Voting, church, and our dirty little secret


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Are you glad the election is over?  No more signs in your neighborhood?  No more relentless telemarketing calls during dinner?

At Seneca Creek we don’t spend much time discussing elections, politics, etc.  As a result many at our church simply assume that most of their fellow church members think and vote the same way.  The dirty little secret is that often people who are on extreme opposites of the political spectrum sit next to each other, and worship the same God.

And I happen to think that’s a really good thing.  Here’s why:

  1. Despite what you may have heard or read, there is no “party of God” on the ballots in this country. Neither of the major parties is without their problems, and neither is without their virtues.  But to my knowledge, neither has a plank that says, “We intend to follow God and only God in all our decisions and policies.”  That said, you will find godly men and women in every major political party.
  2. The gospel is, among other things, a message of reconciliation. We can rightly believe that means being reconciled to God.  But it’s more than that.  And it’s more than reconciling people of different races, ethnicities, cultures, and socio-economic groups.  It’s also about reconciling people of different political persuasions.  Yes, the gospel is about bringing EVERYONE together at the foot of the cross.  If we were to paraphrase the apostle Paul, we might put it like this:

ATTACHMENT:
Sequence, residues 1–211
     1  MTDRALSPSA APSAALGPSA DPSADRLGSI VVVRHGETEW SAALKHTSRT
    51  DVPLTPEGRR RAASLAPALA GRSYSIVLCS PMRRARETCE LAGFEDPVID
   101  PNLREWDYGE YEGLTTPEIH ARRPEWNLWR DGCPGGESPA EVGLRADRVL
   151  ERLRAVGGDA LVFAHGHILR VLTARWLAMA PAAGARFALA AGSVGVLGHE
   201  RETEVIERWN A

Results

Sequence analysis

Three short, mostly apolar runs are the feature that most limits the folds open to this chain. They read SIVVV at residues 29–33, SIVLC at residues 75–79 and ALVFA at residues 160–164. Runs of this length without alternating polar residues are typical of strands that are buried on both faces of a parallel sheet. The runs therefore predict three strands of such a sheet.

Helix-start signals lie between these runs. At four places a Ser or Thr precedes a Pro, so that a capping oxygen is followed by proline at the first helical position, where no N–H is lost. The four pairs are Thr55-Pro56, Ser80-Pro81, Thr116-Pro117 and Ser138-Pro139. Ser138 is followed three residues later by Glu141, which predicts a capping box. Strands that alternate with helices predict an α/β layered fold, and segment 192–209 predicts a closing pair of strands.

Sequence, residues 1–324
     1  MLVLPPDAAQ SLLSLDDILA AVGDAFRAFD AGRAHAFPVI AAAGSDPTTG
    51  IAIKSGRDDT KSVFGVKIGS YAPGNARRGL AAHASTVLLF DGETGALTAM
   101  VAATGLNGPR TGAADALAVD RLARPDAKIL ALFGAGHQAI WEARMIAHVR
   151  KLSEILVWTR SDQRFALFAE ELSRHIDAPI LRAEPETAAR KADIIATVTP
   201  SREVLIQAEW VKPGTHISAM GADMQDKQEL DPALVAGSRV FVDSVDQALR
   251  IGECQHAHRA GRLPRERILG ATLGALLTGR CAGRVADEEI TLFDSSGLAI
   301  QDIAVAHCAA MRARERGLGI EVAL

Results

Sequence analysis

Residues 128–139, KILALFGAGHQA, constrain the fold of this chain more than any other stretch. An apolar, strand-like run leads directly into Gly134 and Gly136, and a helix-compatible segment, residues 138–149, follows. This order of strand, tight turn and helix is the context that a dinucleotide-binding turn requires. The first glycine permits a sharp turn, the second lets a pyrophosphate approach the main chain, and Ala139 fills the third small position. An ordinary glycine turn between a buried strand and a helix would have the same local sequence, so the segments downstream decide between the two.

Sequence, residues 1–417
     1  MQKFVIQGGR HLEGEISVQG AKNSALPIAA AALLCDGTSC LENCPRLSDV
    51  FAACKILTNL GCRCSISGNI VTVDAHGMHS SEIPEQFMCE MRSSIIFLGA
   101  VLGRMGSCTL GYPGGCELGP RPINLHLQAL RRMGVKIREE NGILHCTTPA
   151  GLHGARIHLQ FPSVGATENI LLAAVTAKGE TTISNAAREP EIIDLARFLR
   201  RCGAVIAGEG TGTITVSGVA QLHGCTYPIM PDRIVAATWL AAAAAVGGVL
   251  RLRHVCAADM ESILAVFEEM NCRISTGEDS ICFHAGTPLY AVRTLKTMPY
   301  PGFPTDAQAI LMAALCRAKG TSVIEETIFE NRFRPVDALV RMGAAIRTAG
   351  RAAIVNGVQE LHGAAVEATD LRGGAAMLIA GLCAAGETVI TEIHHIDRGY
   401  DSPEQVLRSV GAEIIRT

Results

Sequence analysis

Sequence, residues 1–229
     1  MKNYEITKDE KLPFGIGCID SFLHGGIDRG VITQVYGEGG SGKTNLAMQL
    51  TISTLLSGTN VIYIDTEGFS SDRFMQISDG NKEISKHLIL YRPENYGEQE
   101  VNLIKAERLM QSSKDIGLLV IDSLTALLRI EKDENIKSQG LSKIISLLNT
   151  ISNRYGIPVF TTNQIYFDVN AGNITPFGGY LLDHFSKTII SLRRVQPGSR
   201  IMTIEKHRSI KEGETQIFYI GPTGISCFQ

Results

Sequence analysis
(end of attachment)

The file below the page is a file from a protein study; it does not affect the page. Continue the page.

There is neither Jew nor Gentile, neither slave nor free, neither Democrat nor Republican, nor is there male and female, for you are all one in Christ Jesus! (Galatians 3:28, PMP, Pastor Mark’s Paraphrase)

  1. The church, NOT the government, is God’s chosen vehicle for bringing transformation into this world. When we worship together, we affirm God’s clear calling on his people.  Scripture clearly indicates we should respect and pray for those in government, but not expect them to do what the church is called to do.

Instead, our energy is directed at building the church (people, NOT a facility) into a dynamic, life-giving, healing, empowering, reconciling and transforming family.  When we do that, the role of elected officials become easier.  And the church becomes stronger.  And the HOPE of Christ is ignited in this world.

So I hope you voted.  But even more than that, I hope that you will join us each weekend as we seek to become a community that is being transformed from the inside out.  Consider it casting a ballot for real change…and you can vote as often as you like!

– Pastor Mark

P.S. As we continue to explore the virtue of gratitude in our weekend series, I, like many of you, am deeply grateful for the freedom to vote.

Posted on November 6, 2014, in Uncategorized. Bookmark the permalink. 5 Comments.

  1. Wow, Mark that was so well said! Thanks!

  2. Forgiveness without reconciliation would make salvation impossible.

  3. I second the Amen. Well said Mark. Timely and needed.

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